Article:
Of course, a visit from three ghosts will make him see the error of his ways and reunite him with a lost love. I think Dickens would be proud!

6) The Family Man

This idea of being shown an alternative reality at Christmas is a popular theme and one which is explored in this film with Nicholas Cage and Tea Leoni. High-flying businessman Jack Campbell is given the chance to swap his Ferrari and his Wall Street ways for long-lost love Kate Reynolds, along with small-town suburbia and working in his father-in-law’s tyre business, for that is the life he might have now if he had made a different choice thirteen years ago.

But of course you can’t go back and have a complete do-over. As Jack finally wakes up back in his swanky Manhattan apartment, it looks as though he will have to console himself with his multi-million dollar deals and lavish bachelor lifestyle…until he calls Kate’s mobile number to see what she wants after all these years. Can they start again? As the snow starts to fall outside I’d say that’s a yes!

5) The Family Stone

The Stone family, with a matriarch (Diane Keaton) who is dying of cancer, are a fiercely protective bunch who make it extremely difficult for outsiders to penetrate. It is even more so this Christmas, given a pervasive feeling of time running out on them due to the worsening of Keaton’s health. Sarah Jessica Parker, who plays uptight business woman Meredith, has the unenviable task of spending the holiday with the Stones for the first time and quickly finds herself at odds with all of them. Tensions rise even further when Meredith’s partner Everett (Dermot Mulroney) asks his mother for his grandmother’s ring so that he can propose.

But it’s a Christmas film and it will all come good in the end, I promise!

4) The Polar Express

This CGI animation is the wonderful tale of a young boy who is just starting to doubt the magic of Christmas as he grows up. However, he gets it all back and then some once he boards a magical train to the North Pole with Tom Hanks as its time-harried guard. The boy along with the other pyjama-clad children on board this special train are off to meet Santa as the big man prepares for his annual sleigh ride across the world on Christmas Eve, but of course the journey is as important as the destination and they will all learn something special along the way. Pure magic.

Based on the book by Chris Van Allsburg

My Top Three

3) It’s a Wonderful Life

This truly is a Christmas classic, not just by dint of its age (made in 1946) but also its story. George Bailey (James Stewart) has grown up in a small American town but always had big dreams to get away and see the world. However, it wasn’t to be. Instead, he took over the family business and watched his brother have those adventures instead.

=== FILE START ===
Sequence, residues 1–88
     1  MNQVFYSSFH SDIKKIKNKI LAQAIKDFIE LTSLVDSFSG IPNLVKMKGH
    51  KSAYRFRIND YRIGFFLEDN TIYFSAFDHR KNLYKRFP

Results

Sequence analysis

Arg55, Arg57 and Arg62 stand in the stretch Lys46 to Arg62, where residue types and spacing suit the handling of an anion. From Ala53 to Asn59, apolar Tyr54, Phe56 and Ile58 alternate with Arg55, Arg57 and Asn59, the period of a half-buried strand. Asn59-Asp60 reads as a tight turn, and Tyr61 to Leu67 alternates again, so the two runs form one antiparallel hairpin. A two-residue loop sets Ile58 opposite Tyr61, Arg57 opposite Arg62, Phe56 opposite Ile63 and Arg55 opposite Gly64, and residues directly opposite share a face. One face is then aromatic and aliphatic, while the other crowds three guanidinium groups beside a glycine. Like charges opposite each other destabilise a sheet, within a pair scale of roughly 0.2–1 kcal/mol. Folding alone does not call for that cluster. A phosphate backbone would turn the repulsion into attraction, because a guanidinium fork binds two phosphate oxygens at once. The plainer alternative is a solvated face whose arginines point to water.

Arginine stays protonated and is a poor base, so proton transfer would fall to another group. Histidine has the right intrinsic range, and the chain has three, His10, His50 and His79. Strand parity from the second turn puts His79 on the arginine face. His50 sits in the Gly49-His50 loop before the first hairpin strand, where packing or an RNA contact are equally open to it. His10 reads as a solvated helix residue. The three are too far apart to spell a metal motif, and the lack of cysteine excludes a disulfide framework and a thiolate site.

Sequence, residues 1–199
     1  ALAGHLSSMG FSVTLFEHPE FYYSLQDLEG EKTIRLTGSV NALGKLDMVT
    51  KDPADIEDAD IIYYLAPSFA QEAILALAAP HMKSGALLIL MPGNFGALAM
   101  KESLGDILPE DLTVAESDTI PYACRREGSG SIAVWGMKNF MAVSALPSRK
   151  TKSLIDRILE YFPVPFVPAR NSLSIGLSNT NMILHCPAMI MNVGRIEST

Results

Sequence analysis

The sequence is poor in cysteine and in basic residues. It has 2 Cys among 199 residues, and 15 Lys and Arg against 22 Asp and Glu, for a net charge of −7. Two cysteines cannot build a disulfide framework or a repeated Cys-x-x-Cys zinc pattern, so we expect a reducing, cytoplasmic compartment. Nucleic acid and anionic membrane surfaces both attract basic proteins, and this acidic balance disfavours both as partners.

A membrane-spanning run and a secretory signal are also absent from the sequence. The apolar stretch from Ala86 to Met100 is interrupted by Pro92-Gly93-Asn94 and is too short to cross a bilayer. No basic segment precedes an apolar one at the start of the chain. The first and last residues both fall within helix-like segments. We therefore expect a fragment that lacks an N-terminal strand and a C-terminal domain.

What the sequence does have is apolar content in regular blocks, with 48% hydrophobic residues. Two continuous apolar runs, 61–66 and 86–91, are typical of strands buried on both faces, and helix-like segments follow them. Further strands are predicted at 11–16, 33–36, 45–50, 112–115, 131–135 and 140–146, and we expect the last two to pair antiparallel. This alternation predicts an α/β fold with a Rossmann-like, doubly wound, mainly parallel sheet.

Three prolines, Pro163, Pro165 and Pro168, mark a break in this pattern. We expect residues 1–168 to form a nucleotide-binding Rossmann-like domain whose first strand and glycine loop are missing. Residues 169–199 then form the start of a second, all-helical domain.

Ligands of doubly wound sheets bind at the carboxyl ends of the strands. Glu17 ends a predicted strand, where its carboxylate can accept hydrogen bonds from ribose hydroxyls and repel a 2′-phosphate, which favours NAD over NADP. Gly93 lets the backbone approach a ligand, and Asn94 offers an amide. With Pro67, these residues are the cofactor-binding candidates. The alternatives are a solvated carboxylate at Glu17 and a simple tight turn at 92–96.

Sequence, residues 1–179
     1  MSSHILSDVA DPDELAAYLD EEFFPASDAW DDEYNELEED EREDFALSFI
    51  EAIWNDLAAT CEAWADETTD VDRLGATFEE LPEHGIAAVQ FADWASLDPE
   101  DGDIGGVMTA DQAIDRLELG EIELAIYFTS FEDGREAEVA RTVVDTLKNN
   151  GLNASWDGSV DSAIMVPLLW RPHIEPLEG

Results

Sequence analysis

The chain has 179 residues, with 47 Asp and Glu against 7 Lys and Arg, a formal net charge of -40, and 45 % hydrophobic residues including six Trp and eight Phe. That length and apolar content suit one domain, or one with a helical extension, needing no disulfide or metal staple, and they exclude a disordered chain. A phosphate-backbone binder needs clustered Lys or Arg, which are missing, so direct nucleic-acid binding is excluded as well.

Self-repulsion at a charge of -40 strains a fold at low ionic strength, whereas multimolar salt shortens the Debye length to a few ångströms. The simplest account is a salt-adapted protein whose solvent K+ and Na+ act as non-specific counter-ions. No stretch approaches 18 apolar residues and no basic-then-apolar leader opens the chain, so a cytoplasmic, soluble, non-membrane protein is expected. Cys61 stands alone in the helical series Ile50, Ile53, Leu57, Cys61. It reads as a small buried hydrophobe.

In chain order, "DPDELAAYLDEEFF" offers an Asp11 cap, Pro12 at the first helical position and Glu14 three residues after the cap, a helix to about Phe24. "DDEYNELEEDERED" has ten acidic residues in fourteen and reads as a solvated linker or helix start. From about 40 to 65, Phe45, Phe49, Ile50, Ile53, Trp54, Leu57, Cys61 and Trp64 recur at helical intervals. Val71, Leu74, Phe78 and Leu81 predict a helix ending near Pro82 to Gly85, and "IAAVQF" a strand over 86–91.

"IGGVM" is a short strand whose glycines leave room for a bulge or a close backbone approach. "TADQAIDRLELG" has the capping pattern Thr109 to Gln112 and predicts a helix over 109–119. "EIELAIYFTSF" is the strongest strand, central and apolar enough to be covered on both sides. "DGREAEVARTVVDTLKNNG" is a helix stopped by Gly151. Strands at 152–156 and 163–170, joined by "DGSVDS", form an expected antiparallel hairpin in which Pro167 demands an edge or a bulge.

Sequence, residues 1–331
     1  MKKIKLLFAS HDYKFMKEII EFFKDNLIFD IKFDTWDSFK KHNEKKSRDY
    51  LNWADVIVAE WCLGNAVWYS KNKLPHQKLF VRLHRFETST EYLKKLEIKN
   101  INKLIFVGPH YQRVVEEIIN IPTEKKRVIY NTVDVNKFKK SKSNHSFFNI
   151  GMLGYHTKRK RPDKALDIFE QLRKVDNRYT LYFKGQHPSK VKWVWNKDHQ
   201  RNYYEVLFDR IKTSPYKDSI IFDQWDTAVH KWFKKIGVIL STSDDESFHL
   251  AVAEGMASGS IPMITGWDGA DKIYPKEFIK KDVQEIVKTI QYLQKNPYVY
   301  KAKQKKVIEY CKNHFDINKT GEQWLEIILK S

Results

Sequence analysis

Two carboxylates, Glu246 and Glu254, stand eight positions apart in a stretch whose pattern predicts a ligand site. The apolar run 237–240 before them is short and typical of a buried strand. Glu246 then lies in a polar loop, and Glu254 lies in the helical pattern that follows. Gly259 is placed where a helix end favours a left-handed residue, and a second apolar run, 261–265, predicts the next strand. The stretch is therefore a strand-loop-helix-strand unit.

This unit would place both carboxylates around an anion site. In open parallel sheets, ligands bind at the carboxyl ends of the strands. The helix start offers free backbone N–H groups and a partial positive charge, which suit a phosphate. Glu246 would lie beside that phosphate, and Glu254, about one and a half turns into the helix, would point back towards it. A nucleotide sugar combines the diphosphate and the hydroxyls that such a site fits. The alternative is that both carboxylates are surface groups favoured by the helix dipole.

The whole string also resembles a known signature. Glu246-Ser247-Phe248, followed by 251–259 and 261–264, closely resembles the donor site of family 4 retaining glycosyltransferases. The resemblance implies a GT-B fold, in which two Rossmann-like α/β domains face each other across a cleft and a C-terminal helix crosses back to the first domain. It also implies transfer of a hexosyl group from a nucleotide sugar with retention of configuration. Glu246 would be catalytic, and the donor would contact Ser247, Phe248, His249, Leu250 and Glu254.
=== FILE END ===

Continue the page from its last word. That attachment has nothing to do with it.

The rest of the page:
Now, with the business failing, George feels he has nothing to live for and is contemplating suicide. At this point Clarence Odbody, a rather bumbling angel, is sent to save him and shows him what life would have been like had George never existed. The timeline of the town without George Bailey in it is considerably more grim, for George has overlooked just how important and loved he truly is.

Love wins out, the town rallies round to save George and his business and Clarence finally does something right and earns his wings!

2) Lost Christmas

It’s very possible that you have not heard of this minor gem but I urge you to seek it out and watch it immediately!

‘Goose’ is a young boy who doesn’t want his firefighter father to work on Christmas Eve so he hides his car keys. This just forces his mother to take her husband to work, with tragic consequences. We then flash forward to a year from now and see the effects of those consequences on Goose, whose life has spiralled down into a world of petty crime whilst living with his dementia-addled Nan.

Then we meet ‘Anthony’ (Eddie Izzard) who wakes up on a Manchester street with no recollection of how he got there but who has a gift for finding lost things and in returning them to their owners can make lives whole again. What is the connection between Goose and ‘Anthony’? How can the young boy’s life be repaired? It all starts with a gold bangle

This urban fairy tale is the magic we all need at Christmas.

And finally, in first place, the father of all Christmas tales has to be….

1) A Christmas Carol

Just the sheer volume of knock-offs and spin-offs means that there can be no other movie sitting here at Number One. And it doesn’t really matter which of the twenty-plus versions is your favourite, or what form it takes (animation, black and white, 3D, musical…) this story, and this alone, truly deserves to be heard Christmas after Christmas after Christmas.

My personal favourite is the 1999 version starring Patrick Stewart as Scrooge and Richard E Grant as Bob Crachit. You, of course, know the story…Ebeneezer Scrooge is a mean-spirited money-lender, hardened by life and its losses, who is about to see the error of his ways when he is visited by the ghost of his business partner, Jacob Marley, urging him to change his miserable life around. Follow that with the ghosts of Christmas Past, Present and Future and the glimpses he sees of himself and his world are enough to make him rethink his miserly ways, throwing his head out of the window on Christmas morning and shouting to a local boy… “What day is this?”…well, you know the rest! Brilliant.

Whatever your Traditions, Happy Christmas!

So, what do you think? Did I miss anything out?